defendants' motion is granted and the action is dismissed.
It is so ordered.
*fn2 In addition, defendants J. Michael Quinlan and Jessie R.
James argue that the claims against them should be dismissed
pursuant to Rule 12(b)(5) for lack of proper service of
process. Defendant J. Michael Quinlan also argues that the
claims against him should be dismissed pursuant to Rule
12(b)(2) for lack of personal jurisdiction. Because the Court
concludes that the complaint must be dismissed as against all
defendants, it does not address these individual grounds for
*fn3 In his response to this motion, Deutsch asserts that he
had "bodily fluids such as blood exchanged with the
[cellmate]." Reply Memorandum, filed February 23, 1990 at ¶ 9.
No additional facts regarding his contact with the cellmate
have been supplied.
*fn4 Plaintiff has not alleged that Coe knew of the cellmate's
HIV test results prior to July 30, 1988.
*fn5 Instead, plaintiff defends his failure to present his
claim to the agency by arguing that participating in any
administrative proceedings would have been fruitless since the
director of the agency was a defendant in this action. Even
assuming that the failure to file an administrative claim might
be excused under certain circumstances, plaintiff has presented
no facts in support of his naked assertion of agency bias, and
it, standing alone, is woefully insufficient to support an
inference that resort to the administrative process would have
been futile. Cf. Riley v. Ambach, 668 F.2d 635, 640 (2d Cir.
1981) (exhaustion not required under Education for the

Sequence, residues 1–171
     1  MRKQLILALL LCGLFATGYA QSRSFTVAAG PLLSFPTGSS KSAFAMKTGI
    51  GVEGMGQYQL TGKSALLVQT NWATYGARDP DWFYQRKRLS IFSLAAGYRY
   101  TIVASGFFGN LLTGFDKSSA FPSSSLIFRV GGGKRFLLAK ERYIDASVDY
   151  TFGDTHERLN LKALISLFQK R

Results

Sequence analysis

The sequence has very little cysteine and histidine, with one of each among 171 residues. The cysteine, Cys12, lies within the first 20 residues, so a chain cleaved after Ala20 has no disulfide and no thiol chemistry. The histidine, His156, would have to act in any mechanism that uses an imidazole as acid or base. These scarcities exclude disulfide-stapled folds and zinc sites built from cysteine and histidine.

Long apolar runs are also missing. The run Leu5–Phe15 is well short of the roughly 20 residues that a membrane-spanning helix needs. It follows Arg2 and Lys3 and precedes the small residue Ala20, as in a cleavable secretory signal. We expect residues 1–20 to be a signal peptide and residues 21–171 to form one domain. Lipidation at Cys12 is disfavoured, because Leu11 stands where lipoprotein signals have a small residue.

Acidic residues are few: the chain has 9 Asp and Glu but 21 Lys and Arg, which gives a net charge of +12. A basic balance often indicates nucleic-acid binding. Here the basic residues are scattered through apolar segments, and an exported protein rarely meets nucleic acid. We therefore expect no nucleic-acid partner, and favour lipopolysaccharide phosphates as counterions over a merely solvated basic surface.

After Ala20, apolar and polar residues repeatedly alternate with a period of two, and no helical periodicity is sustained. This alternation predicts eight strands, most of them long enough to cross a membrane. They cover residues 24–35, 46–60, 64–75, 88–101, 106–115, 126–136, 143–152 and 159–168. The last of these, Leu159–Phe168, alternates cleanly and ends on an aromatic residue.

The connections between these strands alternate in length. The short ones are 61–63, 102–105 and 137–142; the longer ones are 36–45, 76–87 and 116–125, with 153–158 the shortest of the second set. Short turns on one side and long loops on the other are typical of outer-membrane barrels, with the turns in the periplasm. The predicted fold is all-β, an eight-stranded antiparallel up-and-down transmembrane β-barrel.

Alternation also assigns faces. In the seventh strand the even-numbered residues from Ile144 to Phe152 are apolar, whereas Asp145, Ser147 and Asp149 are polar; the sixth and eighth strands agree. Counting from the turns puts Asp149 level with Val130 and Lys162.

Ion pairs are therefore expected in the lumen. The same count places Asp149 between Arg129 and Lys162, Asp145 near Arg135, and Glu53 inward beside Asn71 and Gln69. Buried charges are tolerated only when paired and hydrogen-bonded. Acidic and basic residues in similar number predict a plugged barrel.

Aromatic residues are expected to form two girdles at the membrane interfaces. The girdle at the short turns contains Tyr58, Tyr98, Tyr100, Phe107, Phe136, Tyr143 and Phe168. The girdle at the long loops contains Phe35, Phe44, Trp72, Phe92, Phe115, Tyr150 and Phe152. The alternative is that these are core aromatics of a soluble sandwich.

Handicapped Act where the exercise of administrative remedies
would be futile). Indeed, the exhaustion requirement of the
FTCA would be effectively nullified if a plaintiff could bypass
the administrative process simply by listing the director of
the agency as a defendant.
*fn6 This result is in harmony with the conclusions of various
courts that have considered claims under the Eighth Amendment
by prisoners who seek to have inmates who test positive for HIV
segregated from the general prison population. See Glick v.
Henderson, 855 F.2d 536, 540 (8th Cir. 1988) (prison officials'
decision not to institute a wholesale AIDS testing and
segregation program was not unreasonable); Feigley v. Fulcomer,
supra, 720 F. Supp. at 482 ("failure to segregate automatically
those inmates who have tested positive for HIV or who are
suffering from any stage of AIDS does not violate [plaintiff's]
Eighth Amendment right to be free from cruel and unusual
punishment"); (Davis v. Stanley, 740 F. Supp. 815 (N.D.Ala.
1987) (the enforcement of rules against intravenous drug use
and sexual behavior in jail is sufficient to combat the risk of
contracting AIDS and testing all inmates for the virus is not
constitutionally required); Jarrett v. Faulkner, 662 F. Supp. 928,
929 (S.D.Ind. 1987) ("problem of protecting prisoners from
AIDS is best left to the legislature and prison